|These kids were practicing for their Christmas party, but|
they were really hamming it up. The little boys in the front
were gyrating and moving around like nobody's business.
They had everyone in stiches.
So, we knew we weren't going to stay long as we want to get to Yap before Christmas and before they start charging overtime fees for checking in. On top of that, we are almost completely out of vegetables and anything good to eat (we have plenty of food, just nothing that we want to eat). We decided to watch the Christmas drop and then leave the next day.
|Carrying one of the boxes out of the woods.|
I don't know the details behind it, but I imagine there's a squadron in Guam that puts a box out and the people bring in donations of "non perishables, clothing, etc." Then they pack it all up. It's all done with genuine, heartfelt, charity in mind from a lot of people that probably don't have much themselves. The problem is, no one is told what these people need. I saw one box opened and it had t-shirts and down comforters in it. They don't wear shirts and it's mighty hot out here. Now they're resourceful people and they'll figure out something to do with it, but it wasn't the most appreciated gift. When I was home, I probably would have had the attitude of "well they should be greatful for anything we send. Something is better than nothing." I still harbor some of that, but after seeing it close up, not so much. They don't have a place to put things they can't use, so it ends up just sitting around rusting/rotting/stinking up the place. And they have limited space... Not to poo poo Operation Christmas Drop, but just a different perspective. Maybe they could send flipflops, fabric, thread, knives, machetes, etc. For us though, it was quite a treat to watch, especially coming from a military background ourselves and knowing the types of people giving.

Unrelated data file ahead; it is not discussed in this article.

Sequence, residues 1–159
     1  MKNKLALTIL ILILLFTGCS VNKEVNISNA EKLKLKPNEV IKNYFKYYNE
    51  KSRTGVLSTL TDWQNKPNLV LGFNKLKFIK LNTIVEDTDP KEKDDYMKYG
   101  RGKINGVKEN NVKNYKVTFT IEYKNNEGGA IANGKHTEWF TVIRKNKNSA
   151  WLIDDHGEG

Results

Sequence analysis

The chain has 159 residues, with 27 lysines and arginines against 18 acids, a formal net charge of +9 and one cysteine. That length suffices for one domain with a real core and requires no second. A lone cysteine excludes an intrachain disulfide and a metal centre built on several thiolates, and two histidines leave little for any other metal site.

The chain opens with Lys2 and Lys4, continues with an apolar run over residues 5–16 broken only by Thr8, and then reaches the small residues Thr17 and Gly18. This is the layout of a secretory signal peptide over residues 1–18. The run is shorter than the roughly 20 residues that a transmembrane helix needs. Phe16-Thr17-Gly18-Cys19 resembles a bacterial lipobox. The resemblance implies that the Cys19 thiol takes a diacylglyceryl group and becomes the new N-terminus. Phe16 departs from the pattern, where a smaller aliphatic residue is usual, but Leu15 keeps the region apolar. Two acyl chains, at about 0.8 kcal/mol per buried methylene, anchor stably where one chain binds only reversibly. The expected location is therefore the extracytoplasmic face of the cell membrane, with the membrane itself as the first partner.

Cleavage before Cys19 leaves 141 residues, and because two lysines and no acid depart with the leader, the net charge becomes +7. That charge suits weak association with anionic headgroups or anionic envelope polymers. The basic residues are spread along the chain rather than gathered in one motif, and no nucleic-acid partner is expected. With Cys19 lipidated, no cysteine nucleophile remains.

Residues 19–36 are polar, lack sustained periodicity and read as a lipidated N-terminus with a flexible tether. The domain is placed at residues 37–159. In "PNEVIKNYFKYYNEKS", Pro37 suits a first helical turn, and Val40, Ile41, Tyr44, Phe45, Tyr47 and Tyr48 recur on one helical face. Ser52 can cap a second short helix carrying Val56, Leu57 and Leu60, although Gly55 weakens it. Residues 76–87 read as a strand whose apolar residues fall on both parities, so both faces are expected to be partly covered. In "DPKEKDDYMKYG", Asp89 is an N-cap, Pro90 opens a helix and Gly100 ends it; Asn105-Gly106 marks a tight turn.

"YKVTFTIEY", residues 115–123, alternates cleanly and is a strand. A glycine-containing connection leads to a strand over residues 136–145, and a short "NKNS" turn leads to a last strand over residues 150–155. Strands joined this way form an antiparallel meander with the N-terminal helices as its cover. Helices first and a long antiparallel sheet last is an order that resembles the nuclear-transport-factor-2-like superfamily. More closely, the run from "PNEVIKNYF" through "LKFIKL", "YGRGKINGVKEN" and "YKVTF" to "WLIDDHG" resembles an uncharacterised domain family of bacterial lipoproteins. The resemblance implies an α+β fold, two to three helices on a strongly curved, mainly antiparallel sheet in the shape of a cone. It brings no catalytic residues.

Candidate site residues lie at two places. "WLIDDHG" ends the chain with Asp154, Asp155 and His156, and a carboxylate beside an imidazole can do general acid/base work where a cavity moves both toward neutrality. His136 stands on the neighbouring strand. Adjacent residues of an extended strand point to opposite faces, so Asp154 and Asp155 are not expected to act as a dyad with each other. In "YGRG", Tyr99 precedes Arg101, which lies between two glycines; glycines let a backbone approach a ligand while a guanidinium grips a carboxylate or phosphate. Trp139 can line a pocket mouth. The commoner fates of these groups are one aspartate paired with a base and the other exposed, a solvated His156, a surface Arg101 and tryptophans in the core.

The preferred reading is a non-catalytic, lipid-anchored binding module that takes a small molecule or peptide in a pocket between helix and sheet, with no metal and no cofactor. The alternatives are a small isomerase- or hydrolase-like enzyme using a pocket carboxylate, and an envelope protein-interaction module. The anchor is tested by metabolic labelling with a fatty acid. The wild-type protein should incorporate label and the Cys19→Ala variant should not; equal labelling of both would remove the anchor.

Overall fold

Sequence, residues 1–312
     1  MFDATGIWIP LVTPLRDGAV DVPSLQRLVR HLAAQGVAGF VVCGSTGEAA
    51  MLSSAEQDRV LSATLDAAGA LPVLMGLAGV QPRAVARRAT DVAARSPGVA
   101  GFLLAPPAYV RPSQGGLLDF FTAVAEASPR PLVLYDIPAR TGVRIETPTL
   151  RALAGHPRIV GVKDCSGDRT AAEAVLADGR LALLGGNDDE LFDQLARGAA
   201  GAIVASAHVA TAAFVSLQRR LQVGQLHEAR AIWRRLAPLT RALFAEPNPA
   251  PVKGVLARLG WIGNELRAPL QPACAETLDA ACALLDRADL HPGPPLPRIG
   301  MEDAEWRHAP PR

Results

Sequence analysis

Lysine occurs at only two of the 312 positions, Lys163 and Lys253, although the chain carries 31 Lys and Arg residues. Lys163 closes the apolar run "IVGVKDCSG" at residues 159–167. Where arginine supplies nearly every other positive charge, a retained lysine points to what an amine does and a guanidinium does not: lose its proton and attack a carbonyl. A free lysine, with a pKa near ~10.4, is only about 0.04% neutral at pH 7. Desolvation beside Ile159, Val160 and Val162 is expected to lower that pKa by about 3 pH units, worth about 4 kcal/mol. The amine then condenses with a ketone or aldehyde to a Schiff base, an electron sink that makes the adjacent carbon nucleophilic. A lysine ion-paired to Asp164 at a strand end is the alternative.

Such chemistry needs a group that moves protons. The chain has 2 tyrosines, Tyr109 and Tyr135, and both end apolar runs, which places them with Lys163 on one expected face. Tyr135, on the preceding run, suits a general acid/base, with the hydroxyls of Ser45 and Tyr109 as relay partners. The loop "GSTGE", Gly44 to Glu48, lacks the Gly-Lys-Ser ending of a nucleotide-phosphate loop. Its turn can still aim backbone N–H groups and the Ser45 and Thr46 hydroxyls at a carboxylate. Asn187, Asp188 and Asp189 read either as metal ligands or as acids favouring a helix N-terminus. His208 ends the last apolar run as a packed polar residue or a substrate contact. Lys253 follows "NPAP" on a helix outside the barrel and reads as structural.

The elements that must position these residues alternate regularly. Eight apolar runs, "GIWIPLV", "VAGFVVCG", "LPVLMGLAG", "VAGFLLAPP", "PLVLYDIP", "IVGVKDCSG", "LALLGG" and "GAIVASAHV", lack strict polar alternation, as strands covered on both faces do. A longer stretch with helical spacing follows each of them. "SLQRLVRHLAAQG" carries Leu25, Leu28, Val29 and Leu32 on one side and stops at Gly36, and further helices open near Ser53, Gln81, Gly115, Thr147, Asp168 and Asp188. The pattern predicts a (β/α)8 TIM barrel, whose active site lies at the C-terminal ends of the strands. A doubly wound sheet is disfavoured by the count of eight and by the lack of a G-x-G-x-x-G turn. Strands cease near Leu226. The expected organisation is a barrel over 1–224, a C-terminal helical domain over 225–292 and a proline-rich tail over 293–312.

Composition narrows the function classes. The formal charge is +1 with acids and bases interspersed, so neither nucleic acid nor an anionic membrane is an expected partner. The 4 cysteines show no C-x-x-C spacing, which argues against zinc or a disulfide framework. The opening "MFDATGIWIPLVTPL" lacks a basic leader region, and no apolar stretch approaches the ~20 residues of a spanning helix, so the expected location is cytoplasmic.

|The high school|
|The high school kids watching the Christmas drop on one|
of the other islands in the lagoon.
radio email processed by SailMail
for information see: http://www.sailmail.com